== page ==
Posts Tagged ‘Nisqually Reach’

Three new WA State Aquatic Reserves join National System of Marine Protected Areas

May 1, 2012
Bald eagle over Nisqually Reach

A bald eagle flies over Nisqually Reach. Photo: DNR

DNR is pleased to announce that all seven aquatic reserves in Washington State are now part of the National System of Marine Protected Areas (MPAs). The following three new reserves were added to the MPA system on April 19, along with 55 other nominees from the United Stated and its territories:

Protection Island Aquatic Reserve, north of Discovery Bay in the Straits of Juan de Fuca. Established in 2010. Encompasses approximately 24,000 acres of DNR-managed tidelands and bedlands surrounding the Protection Island National Wildlife Refuge.

Smith & Minor Islands Aquatic Reserve, off the western shore of Whidbey Island in Island County. Established in 2010. Encompasses approximately 36,000 acres of DNR-managed tidelands and bedlands surrounding the Smith & Minor Islands National Wildlife Refuge.

Nisqually Reach Aquatic Reserve, north of Olympia in Thurston County. Established in 2011. Encompasses approximately 15,000 acres of DNR-managed tidelands and bedlands.

The national MPA system provides a means for individual MPAs, such as DNR’s aquatic reserves, to work together to leverage resources, coordinate regional planning, and more effectively improve protection for natural and cultural resources. Membership in the national MPA system does not change the management of the site or entail any restrictions on access or use. There are currently 355 members of the National System of MPAs.

The four other DNR-managed aquatic reserves were previously accepted into the national MPA system are Cherry Point Aquatic Reserve, Cypress Island Aquatic Reserve (and Natural Resources Conservation Area), Fidalgo Bay Aquatic Reserve, and Maury Island Aquatic Reserve.

The National Oceanic and Atmospheric Administration (NOAA) administers the national MPA system. The MPA list is updated annually.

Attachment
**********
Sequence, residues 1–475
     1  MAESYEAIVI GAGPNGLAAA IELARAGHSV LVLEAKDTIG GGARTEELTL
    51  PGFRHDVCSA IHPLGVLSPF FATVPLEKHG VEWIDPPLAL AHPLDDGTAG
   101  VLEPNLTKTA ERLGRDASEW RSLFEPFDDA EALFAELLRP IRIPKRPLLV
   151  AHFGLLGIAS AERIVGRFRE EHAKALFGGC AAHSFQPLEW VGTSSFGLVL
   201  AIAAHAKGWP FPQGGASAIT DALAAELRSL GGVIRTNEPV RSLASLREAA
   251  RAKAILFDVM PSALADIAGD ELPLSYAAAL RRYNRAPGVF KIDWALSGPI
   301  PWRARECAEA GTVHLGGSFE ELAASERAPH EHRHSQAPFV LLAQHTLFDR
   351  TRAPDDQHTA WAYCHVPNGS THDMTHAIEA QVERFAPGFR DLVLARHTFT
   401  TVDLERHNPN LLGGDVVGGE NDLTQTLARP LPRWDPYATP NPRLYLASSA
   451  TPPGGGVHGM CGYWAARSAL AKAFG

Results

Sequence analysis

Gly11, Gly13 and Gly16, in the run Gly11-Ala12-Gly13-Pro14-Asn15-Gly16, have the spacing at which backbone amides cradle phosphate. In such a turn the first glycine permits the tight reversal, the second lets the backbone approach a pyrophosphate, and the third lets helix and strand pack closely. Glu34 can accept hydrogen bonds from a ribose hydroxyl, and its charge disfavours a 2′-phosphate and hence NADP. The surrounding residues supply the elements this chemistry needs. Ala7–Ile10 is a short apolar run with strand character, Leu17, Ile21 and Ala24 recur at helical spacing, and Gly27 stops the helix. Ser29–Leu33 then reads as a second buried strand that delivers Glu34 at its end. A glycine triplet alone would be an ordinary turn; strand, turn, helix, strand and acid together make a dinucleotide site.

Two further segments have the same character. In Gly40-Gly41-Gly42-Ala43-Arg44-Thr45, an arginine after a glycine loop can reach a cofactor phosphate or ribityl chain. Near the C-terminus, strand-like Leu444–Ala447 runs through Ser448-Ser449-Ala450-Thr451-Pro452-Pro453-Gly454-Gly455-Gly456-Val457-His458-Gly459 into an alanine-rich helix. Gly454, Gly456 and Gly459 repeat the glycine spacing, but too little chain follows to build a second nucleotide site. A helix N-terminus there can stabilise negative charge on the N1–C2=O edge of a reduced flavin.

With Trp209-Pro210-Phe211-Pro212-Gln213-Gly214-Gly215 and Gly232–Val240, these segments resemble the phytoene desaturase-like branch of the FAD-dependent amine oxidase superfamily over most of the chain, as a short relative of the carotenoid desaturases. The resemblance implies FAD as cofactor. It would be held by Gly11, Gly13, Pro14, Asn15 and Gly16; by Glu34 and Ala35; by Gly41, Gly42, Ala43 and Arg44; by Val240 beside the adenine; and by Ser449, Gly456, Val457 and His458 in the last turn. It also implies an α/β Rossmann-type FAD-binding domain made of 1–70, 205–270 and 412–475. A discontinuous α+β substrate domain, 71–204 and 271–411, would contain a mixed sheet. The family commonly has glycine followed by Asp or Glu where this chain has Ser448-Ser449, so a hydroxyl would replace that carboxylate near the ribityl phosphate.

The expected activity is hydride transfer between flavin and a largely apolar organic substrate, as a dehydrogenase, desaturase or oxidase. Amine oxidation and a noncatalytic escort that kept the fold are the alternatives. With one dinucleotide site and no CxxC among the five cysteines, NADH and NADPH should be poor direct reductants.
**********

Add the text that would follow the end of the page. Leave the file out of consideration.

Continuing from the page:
DNR’s Aquatic Reserves Program
As steward of 2.6 million acres of state-owned aquatic lands, DNR is establishing aquatic reserves throughout the state to protect important native ecosystems. This protection effort promotes the preservation, restoration, and enhancement of state-owned aquatic lands that are of special educational, scientific, or environmental value. Aquatic reserves are established through rigorous scientific scrutiny and extensive public input.

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A lumpsucker by any other name… Nisqually Reach Aquatic Reserve is home to small, colorful fish

March 28, 2012
Pacific spiny lump sucker

Pacific spiny lump sucker (Eumicrotremus orbis) found in the waters of Nisqually Reach Aquatic Reserve. Photo: Michael Grilliot/DNR

Sometimes, life is like hauling up a seine net: you never know what you’re going to get!

Like a Pacific spiny lumpsucker, for example.

While collecting data on salmon a few weeks ago in the Nisqually Reach Aquatic Reserve, scientists from DNR and the Nisqually River Foundation hauled up this little “lumpy”—as divers affectionately call it. Scientifically, the fish is known as Eumicrotremus orbis—a word that is longer than the tiny fish. This one was all of 2 inches.

Underwater photographer Scott Boyd has some great photos and a description of these fish, which can be found hanging out in eelgrass beds at night.

So what’s with the photo of this fish? Why does it look like it’s swimming in mid-air? Walker Duval, a biologist with The Nisqually River Foundation, developed this simple Plexiglas box that scientists can put fish in to take their photo.

And what became of the lump sucker after its 5 seconds of fame? It was measured and then returned safely into the Sound. 

Commissioner of Public Lands Peter Goldmark dedicated the Nisqually Reach Aquatic Center in September 2011. Nisqually Reach is the seventh and most recent Aquatic Reserve managed by DNR.

View more photos from the fish sampling.

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